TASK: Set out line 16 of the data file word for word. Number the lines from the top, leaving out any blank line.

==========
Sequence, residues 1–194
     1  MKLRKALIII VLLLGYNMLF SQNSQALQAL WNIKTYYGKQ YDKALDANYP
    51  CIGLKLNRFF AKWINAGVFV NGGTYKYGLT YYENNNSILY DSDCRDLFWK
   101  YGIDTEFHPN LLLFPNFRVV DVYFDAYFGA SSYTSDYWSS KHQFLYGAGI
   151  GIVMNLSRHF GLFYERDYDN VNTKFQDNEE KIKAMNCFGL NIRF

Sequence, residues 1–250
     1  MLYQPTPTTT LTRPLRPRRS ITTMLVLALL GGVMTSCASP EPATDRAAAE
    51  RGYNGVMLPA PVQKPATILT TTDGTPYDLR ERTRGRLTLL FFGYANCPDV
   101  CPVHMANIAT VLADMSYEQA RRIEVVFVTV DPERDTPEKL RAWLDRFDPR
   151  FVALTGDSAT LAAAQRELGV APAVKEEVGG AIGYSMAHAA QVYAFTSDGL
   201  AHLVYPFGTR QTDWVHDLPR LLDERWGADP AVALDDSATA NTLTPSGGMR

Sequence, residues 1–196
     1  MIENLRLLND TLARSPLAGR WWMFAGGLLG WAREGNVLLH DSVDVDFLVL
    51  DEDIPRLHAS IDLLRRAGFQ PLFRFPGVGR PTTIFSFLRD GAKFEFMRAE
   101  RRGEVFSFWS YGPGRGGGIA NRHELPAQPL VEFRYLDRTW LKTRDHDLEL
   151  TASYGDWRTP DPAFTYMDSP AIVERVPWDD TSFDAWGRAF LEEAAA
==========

   151  TASYGDWRTP DPAFTYMDSP AIVERVPWDD TSFDAWGRAF LEEAAA